Implementation Strategies

The Seattle BCJI strategies focus on non–arrest solutions to violent crime, recognizing that traditional policing tactics may not be appropriate for high-risk youth, and instead emphasizing community informal social controls. Strategies included a variety of programs and environmental changes prioritized by residents. For example, the Safe Passage pilot project, sponsored by the Boys and Girls Clubs of King County, launched in March 2015 responded to a risk factor identified by the Community Task Force: a large youth presence on and around school campuses after school, without capable guardians, otherwise known as “place managers,” to help manage aggressive behavior and conflicts. The Rainier Beach Action Coalition hired and  trained youth from the community to stage "Corner Greeters" events.  These pop-up style events rotate weekly betweet five hotpot locations and feature creative, fun activities designed to bring postitive activities to places where crime occured and engage passers by to foster connections and build community.  

The Seattle BCJI effort contributed to a drop in juvenile crime in the Rainier Beach target area.

Another community solution to increase youth safety included changing the release time of the South Shore K-8 School. This release time modification took effect at the beginning of the 2014-2015 academic year, with staff from both the school and the Rainier Beach Community Center noting positive impacts right away. Other Crime Prevention Through Environmental Design (CPTED) strategies such as signage and landscaping helped to discourage congregating in areas without guardians to help prevent negative activity. Another non-arrest strategy involved engaging important but previously overlooked place-managers  - small business owners  -through multi-lingual/cultural outreach to provide crime prevention education and resources, enhancing the ability of these family and minority-owned businesses to participate in crime prevention activities and community-building events.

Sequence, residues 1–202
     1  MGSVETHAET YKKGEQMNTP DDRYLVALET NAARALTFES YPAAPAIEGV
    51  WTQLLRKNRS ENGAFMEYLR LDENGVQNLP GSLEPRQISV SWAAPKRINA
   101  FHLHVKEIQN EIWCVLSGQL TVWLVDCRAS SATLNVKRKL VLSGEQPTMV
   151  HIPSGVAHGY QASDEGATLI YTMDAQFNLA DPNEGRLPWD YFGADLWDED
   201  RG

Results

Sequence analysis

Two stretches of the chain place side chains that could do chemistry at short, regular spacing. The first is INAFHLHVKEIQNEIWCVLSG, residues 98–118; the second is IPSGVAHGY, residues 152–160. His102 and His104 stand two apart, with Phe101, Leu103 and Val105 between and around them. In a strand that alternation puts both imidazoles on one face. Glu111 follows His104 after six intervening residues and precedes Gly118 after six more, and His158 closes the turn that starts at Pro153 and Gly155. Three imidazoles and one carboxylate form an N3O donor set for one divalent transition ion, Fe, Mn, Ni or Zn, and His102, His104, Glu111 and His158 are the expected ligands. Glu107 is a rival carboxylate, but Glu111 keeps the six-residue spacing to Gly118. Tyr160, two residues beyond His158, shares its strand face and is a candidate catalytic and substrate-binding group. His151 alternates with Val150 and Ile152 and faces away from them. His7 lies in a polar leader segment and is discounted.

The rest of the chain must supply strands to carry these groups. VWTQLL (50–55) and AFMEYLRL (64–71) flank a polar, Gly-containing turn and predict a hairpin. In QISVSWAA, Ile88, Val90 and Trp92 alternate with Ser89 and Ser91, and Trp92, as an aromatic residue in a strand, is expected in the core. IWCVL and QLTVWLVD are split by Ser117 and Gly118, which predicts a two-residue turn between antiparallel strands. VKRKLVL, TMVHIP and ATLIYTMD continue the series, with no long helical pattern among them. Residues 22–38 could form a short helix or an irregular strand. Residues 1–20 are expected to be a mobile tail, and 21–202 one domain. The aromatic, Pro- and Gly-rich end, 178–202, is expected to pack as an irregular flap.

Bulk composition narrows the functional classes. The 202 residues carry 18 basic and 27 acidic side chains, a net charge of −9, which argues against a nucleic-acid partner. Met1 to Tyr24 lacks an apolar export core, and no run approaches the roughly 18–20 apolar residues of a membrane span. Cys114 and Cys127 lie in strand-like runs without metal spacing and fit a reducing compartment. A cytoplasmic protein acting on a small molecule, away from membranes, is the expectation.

The Rainier Beach neighborhood has experienced a drop in juvenile crime since the inception of BCJI. The ABSPY initiative is continuing with support from the City of Seattle as the BCJI project term wraps up in 2016.

 

Featuring this Site

  • Leaders from the Rainier Beach Safe Passages program discuss the strategy in this video.
  • BCJI leaders from Seattle presented on their approach to community engagement in this webinar.
  • Read highlights from Seattle’s presentation to BCJI leaders at a grantee meeting in this Institute for Comprehensive Community Development article.

 

This web site is funded in part, through a grant from the Bureau of Justice Assistance, Office of Justice Programs, U.S. Department of Justice. Neither the U.S. Department of Justice nor any of its components operate, control, are responsible for, or necessarily endorse, this web site (including, without limitation, its content, technical infrastructure, and policies, and any services or tools provided).